Amid numerous reports of cars stranded on roads and high death rates among people who engaged in clearing work, the Mainichi Shimbun answers some common questions readers may have about the heavier than usual snowfall affecting areas on the Sea of Japan coast.
Question: It's very cold this winter, and significant amounts of snow have hit the Sea of Japan coast. Why is that?
Answer: It's a combination of three factors that has led to more cold air from Siberia on the Eurasian continent being brought over to Japan than usual.
Q: What are the three factors?
A: First, the "polar front jet stream" westerlies, flowing over the northern hemisphere, meandered south and were disrupted by a high pressure system near western Siberia. Second, the "subtropical jet stream" westerlies, which blow south of the polar front jet stream, also drifted further south than in usual years due to the effects of "La Nina," a phenomenon that lowers ocean surface temperatures off Peru. Third, a low pressure system that usually stays in the Arctic moved southward toward Japan.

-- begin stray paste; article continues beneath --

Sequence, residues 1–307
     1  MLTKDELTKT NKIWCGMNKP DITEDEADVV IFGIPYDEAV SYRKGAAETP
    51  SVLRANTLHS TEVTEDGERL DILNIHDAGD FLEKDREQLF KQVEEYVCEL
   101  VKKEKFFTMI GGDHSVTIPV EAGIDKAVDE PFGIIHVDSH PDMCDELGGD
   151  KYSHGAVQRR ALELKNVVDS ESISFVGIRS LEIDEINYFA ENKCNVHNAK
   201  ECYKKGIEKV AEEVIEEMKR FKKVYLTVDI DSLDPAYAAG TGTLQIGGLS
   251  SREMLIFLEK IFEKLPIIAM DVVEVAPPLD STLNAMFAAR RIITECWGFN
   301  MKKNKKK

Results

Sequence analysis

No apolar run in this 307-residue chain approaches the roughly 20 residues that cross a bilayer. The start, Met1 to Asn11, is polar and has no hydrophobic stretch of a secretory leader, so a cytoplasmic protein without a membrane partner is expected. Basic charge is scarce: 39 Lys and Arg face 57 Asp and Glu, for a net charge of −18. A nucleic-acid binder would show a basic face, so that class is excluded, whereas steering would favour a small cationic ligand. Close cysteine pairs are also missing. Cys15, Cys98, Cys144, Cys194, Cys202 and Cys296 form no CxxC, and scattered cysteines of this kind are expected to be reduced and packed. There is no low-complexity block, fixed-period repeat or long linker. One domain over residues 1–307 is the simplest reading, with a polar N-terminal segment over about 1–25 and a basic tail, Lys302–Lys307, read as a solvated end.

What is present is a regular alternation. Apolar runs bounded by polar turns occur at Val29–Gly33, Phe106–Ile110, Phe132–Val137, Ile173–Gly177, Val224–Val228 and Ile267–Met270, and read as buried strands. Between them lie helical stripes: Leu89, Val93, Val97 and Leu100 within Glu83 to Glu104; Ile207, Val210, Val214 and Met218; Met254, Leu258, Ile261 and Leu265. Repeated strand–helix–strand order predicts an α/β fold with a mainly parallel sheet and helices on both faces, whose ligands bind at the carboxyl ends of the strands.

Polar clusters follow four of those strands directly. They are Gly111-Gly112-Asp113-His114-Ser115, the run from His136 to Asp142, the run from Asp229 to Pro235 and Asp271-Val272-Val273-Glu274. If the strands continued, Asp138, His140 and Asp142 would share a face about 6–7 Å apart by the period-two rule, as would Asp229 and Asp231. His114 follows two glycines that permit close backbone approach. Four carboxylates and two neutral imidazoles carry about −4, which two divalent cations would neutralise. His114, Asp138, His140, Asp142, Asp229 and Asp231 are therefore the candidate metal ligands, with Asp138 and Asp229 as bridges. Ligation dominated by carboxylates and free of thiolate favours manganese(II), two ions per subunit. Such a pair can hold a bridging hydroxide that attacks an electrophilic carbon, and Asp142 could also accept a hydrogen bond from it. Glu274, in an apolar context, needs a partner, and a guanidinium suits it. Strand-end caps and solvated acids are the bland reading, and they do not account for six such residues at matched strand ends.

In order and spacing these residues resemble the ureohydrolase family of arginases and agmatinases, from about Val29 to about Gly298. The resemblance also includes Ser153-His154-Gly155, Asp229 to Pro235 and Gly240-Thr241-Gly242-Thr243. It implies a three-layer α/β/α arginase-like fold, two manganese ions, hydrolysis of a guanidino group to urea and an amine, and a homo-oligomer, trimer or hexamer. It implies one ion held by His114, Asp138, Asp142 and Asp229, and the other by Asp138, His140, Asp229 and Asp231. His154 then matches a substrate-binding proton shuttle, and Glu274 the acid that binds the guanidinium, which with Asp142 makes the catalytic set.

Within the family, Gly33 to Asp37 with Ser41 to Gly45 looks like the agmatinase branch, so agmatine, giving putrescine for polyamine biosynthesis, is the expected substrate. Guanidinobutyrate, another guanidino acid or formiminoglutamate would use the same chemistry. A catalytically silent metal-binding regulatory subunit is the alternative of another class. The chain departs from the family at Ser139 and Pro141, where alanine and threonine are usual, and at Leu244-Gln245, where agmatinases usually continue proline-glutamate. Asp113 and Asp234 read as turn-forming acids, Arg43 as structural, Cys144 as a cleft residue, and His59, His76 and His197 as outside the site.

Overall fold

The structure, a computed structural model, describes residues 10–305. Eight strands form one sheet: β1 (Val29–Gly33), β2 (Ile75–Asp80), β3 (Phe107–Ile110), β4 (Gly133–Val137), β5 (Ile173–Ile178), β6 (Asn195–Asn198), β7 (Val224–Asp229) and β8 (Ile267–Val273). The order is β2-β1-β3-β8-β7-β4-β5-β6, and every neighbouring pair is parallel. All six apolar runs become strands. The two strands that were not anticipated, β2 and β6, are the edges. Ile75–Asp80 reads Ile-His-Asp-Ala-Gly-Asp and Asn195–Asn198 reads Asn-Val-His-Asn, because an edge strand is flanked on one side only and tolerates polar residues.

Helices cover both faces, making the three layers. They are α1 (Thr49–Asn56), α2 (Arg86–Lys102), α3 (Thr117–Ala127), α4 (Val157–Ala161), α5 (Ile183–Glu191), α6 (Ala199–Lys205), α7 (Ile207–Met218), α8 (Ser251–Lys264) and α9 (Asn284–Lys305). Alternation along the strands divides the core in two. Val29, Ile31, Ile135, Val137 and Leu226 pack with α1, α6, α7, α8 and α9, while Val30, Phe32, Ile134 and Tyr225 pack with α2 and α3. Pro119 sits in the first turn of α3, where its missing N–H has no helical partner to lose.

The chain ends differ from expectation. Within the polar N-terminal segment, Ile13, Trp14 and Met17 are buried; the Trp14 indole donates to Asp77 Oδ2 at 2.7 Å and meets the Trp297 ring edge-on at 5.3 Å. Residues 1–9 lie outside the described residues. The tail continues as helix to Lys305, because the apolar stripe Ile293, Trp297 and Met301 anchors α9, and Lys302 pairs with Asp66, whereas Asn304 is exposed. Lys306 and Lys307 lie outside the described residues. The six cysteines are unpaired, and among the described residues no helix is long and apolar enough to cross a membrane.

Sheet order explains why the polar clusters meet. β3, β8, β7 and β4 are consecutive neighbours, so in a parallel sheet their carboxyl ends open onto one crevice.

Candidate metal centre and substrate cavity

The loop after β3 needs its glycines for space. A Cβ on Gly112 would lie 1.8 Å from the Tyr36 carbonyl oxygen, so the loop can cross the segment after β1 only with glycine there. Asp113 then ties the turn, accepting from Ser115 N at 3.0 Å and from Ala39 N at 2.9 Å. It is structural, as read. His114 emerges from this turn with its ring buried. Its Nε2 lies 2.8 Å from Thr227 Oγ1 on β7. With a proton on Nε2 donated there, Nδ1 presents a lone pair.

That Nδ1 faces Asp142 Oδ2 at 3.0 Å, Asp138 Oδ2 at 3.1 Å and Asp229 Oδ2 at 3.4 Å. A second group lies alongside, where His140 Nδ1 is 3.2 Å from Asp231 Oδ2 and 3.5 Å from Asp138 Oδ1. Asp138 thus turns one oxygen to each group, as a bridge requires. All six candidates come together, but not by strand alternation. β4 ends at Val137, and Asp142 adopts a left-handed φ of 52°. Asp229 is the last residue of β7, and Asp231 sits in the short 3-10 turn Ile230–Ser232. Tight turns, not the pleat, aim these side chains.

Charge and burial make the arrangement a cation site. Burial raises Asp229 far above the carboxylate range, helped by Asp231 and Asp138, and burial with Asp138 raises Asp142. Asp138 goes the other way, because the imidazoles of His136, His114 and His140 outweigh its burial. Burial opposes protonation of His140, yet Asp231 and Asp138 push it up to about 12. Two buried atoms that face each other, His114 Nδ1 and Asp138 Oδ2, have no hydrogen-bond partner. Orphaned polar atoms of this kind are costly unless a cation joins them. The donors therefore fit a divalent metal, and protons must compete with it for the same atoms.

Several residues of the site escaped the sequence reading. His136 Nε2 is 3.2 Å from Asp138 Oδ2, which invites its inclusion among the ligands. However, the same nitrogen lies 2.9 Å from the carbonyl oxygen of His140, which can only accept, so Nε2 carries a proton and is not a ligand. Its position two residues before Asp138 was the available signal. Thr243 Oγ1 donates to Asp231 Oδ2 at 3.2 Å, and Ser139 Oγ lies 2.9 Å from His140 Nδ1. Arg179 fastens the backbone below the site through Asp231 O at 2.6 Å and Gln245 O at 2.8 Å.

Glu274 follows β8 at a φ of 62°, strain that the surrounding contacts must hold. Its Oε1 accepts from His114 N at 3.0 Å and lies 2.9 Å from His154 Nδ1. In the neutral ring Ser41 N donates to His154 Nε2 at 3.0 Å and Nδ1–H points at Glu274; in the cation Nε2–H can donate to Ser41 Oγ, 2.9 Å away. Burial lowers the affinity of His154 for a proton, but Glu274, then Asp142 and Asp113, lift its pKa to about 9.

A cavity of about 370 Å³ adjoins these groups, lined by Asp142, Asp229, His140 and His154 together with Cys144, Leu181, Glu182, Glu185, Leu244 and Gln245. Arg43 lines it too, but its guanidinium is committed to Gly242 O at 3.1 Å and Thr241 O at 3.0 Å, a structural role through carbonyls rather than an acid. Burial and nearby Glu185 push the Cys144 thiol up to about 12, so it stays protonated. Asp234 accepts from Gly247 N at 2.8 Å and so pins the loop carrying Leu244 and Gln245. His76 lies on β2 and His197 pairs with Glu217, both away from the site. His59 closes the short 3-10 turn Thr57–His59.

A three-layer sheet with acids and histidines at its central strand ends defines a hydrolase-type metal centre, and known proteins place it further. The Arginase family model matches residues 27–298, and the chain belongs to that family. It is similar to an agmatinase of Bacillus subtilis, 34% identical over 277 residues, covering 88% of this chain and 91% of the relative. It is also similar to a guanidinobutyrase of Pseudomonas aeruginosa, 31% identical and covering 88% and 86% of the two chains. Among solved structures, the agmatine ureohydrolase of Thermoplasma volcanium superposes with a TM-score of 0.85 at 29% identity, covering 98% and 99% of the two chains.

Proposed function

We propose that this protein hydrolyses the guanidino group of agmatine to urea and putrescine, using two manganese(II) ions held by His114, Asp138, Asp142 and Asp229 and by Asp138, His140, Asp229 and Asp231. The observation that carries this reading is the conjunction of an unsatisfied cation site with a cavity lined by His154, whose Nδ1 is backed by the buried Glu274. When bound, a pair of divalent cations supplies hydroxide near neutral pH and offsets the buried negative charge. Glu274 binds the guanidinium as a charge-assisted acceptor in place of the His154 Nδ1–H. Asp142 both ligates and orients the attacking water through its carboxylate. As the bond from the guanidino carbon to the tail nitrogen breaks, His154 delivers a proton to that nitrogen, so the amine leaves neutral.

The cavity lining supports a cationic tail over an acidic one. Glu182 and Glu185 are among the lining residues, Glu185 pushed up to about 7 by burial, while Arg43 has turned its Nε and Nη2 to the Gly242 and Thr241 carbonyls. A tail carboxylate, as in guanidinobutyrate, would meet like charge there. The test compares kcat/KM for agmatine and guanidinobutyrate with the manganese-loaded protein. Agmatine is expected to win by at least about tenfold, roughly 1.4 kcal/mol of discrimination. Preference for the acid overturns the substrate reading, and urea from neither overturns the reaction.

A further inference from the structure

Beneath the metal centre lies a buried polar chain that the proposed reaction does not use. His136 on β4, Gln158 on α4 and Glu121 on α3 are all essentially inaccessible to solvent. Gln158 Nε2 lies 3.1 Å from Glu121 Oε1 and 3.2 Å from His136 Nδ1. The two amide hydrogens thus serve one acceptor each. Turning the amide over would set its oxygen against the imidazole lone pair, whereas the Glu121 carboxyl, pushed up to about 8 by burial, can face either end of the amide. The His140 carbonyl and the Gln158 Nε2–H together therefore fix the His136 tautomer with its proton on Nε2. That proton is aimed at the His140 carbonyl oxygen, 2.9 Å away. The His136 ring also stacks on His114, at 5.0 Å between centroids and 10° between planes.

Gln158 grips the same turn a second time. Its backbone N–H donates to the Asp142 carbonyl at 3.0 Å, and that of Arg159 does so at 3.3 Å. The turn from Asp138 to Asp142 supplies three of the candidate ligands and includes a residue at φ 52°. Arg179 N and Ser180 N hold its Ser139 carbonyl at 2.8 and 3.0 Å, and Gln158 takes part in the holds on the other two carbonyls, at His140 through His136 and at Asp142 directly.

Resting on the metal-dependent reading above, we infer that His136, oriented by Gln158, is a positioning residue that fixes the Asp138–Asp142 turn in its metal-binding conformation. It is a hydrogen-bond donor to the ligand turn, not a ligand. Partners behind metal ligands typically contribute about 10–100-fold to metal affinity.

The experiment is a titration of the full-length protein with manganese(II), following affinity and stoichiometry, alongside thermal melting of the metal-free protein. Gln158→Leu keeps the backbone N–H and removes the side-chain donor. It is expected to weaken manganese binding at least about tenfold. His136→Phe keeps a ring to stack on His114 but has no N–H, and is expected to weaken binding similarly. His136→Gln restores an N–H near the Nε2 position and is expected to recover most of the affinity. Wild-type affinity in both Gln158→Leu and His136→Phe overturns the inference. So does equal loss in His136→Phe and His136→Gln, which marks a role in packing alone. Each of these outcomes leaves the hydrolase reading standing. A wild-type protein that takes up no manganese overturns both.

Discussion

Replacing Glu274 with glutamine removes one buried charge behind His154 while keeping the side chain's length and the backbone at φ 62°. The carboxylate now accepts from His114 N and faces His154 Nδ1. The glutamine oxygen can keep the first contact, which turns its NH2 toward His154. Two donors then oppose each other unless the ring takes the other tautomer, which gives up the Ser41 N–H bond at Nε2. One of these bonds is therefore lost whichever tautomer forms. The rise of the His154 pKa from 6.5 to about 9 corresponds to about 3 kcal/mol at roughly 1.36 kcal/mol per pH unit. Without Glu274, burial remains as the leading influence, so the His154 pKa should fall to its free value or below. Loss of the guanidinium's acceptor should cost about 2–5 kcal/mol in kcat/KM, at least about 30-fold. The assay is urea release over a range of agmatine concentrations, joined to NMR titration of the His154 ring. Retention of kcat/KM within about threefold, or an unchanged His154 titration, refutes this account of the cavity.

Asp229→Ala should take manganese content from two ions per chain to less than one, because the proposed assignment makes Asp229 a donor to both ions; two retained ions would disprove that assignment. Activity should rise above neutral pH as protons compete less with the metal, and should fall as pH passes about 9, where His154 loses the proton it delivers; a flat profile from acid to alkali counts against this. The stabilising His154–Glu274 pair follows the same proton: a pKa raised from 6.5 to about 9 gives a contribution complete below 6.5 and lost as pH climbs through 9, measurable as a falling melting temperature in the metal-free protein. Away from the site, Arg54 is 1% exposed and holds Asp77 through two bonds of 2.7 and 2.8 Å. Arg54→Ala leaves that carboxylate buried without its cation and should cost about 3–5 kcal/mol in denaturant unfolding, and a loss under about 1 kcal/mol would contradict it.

Q: So, the two westerlies and a low pressure system brought cold air over Japan. How much chillier have they made it here?
A: It was the coldest early January for 36 years, with average temperatures in northern Japan during the period coming in at 3.8 degrees Celsius lower than in normal years. Average temperatures in western Japan were also 3 C colder than usual.
Q: I've heard a lot of mentions of "record snowfall," but what's meant by that?
A: Between Dec. 14 last year and Jan. 11 this year, 72-hour periods of snowfall in 19 locations along the Sea of Japan coast broke records. As the winter pressure pattern -- a distribution of atmospheric pressure in which the high pressure area is to the west and the low pressure area is to the east -- continued because of the meandering westerlies, cold air easily covered Japan and brought heavy snowfall.
Q: Are there causes for the significant snowfall besides cold air?
A: There's a possibility that the warmer waters in the Japan Sea, which had a surface temperature 1 C higher than in usual years, increased the amount of vapor in the atmosphere and produced more snow clouds, causing greater snowfall.
(Japanese original by Mayumi Nobuta, Science & Environment News Department)